Recovering COVID loans is a winning policy

Small businesses who were struggling through Covid were encouraged to take out a Covid loan on very good terms with virtually no underwriting.

I am sure that most of these loans (including the one AgeWage took out) are being serviced properly. But the public perception is that many of the loans went straight into the back pocket of fraudsters who benefited from a lack of underwriting and have been able to fold their businesses and keep the cash.

It’s a winning policy for an incoming Chancellor to dig around for money that can and should be recovered. Delinquent loans are theft from the Exchequer and there is a great deal of disquiet among the working population that their peers have ripped them off.

I remember walking round a golf course car-park with a friend pointing to cars and vans that had been bought with Covid loans. My friend was incandescent that some owners had already given up on their payments.

The matter is even more sensitive because the pain of Covid is still with many families. That people were seen to exploit the illness is an affront. Reeves’ statement to the BBC shows she is  in touch with the national mood

Ms Reeves will tell the conference in Liverpool that just 2% of fraudulent Covid grants – “with every one of those cheques signed by Rishi Sunak as chancellor” – have been recouped.

She will promise to appoint a Covid corruption commissioner with full powers to take cases to court and “claw back every penny of taxpayers money that they can”.

“That money belongs in our NHS, it belongs in our schools, it belongs in our police – we want that money back,”

She sounds rather more in touch than her counterpart in parliament. We are left to draw the conclusion that the fraudulent grants and loans are an embarrassment to Rishi sunak who granted them.

They aren’t, they are an embarrassment to the nation and Reeves is right to ask for our money back.


About henry tapper

Founder of the Pension PlayPen,, partner of Stella, father of Olly . I am the Pension Plowman
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2 Responses to Recovering COVID loans is a winning policy

  1. Byron McKeeby says:

    “Ms Reeves also proposed establishing an anti-corruption commissioner aimed at recovering money lost as a result of fraud and waste during the pandemic.”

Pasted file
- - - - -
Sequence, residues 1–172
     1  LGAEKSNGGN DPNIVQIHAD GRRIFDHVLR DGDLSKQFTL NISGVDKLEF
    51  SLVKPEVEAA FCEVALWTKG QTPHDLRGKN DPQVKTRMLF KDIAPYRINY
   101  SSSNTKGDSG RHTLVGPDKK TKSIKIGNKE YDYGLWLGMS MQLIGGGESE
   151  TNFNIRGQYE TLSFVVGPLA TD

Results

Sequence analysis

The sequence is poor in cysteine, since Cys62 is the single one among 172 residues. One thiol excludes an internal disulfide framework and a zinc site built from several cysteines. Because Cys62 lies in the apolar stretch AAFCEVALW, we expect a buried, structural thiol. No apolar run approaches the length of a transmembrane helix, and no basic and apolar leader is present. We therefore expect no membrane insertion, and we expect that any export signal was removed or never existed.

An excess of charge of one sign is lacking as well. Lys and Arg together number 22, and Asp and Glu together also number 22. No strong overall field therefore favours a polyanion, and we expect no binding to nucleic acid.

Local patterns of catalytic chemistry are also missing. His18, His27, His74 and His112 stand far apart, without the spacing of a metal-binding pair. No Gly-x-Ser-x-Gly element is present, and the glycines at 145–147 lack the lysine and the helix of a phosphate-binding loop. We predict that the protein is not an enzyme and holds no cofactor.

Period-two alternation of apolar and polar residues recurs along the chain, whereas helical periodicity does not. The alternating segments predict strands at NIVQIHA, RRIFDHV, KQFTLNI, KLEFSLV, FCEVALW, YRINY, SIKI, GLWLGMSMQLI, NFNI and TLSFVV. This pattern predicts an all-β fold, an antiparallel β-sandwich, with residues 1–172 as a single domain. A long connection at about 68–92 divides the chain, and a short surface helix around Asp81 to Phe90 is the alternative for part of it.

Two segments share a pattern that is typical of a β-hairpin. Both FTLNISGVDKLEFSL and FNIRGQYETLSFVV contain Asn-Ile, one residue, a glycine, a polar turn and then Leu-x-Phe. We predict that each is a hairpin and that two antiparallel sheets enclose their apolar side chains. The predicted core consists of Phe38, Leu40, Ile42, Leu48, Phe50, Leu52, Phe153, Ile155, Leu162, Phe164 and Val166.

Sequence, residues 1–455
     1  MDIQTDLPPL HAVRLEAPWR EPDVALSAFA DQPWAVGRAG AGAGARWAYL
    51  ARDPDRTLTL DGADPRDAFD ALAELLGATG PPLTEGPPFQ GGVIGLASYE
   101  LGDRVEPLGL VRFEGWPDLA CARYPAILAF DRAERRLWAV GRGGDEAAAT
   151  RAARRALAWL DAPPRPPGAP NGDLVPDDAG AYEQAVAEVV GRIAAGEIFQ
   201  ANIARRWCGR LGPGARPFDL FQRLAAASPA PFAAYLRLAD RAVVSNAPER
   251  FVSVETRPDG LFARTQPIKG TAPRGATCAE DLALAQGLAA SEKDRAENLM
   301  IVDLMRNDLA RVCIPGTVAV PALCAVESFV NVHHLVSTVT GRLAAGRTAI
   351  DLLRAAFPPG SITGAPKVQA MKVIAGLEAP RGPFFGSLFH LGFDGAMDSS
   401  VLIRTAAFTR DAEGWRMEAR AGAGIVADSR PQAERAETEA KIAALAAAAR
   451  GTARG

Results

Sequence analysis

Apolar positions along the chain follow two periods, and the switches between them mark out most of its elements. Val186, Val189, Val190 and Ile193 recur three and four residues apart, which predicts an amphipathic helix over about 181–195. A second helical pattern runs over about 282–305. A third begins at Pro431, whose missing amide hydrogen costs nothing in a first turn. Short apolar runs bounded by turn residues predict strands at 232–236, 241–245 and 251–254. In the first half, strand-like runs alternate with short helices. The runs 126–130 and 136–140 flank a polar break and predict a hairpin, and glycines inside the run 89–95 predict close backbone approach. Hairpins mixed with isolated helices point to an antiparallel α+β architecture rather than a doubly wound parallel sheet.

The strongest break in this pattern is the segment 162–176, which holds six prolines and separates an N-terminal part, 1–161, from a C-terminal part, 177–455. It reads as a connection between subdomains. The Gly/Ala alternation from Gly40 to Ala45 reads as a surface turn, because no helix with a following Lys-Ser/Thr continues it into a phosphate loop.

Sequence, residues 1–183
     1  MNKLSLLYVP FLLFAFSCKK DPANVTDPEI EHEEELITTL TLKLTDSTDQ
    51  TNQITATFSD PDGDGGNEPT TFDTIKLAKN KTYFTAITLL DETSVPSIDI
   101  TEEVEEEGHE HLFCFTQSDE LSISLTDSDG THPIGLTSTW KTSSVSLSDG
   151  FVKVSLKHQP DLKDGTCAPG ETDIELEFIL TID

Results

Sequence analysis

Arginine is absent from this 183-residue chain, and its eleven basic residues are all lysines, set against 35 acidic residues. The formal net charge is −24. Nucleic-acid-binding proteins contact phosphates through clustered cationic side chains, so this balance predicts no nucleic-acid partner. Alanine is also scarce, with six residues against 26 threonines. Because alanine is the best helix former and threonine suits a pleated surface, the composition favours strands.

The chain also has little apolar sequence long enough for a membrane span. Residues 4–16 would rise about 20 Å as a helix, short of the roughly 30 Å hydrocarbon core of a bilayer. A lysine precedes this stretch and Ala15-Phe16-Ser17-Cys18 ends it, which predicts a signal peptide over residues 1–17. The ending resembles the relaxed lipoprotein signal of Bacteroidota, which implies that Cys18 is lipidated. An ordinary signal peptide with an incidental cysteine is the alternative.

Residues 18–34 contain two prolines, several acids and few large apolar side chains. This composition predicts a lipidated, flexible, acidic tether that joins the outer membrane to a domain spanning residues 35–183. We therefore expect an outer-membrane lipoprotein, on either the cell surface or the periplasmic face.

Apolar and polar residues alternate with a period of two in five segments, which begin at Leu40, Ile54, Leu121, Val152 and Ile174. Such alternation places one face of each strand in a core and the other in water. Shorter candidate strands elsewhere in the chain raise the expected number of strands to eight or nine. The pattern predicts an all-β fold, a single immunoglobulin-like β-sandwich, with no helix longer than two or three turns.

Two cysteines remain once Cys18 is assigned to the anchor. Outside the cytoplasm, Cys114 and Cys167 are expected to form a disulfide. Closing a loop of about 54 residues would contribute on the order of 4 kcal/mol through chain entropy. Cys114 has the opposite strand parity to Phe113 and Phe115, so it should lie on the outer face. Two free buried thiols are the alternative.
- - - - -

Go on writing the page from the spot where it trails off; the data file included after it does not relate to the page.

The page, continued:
Yet another bureaucratic add-on solution, which may be less than successful because it can take a lot of professional costs to pursue unpaid debts.

    Debt recovery actions often result in headlines about court “win” decisions which seldom reflect how much will actually ever be recovered, net of costs.

    I hope I’m wrong.

    There is another view, that “helicopter money” supported spending during and after a pandemic lockdown, when a lot of activity came to a standstill. Such a policy with hindsight justified a very “diligent lite” approach to lending new money at the time.


  2. Tim Simpson says:

    Hello Henry,
    I was of the opinion that, at a recent Parliamentary Select Committee for Public Spending, the Commissioner for the Inland Revenue said they did not have the facilities to go ‘chasing after’ those who had claimed a Loan but were not repaying. The financial press were not silent at the very outset that ‘loans’ would be seen as a Grant.

    Added to that is the situation of those PPE suppliers who were ‘fast tracked’ by the Government and whose profits are, reportedly, astonishing. The NHS is purchasing items all the time and would probably have done it far more economically, as they did with other aspects of the CoVid infection.

    Last week the PM ceases the HS2 project writing-off ‘£40 billion or so’. So far there is no outcry and it remains to be seen whether Labour make any reference to it in Liverpool. At that figure/loss, it should surely justify a Public Enquiry. If, as is written elsewhere, it was all a known ‘white elephant’ why didn’t the Parliamentary Select Committees step-in soonest? Perhaps such ‘savings’ and further minimising of the Civil Service will easily fund the cessation of the Inheritance Tax in time for the next Election.

    I agree with you that ‘…there is a great deal of disquiet among the working population that their peers have ripped them off.’ There are also those who have retired who are equally critical of that also.

    Kind regards,

    Tim Simpson

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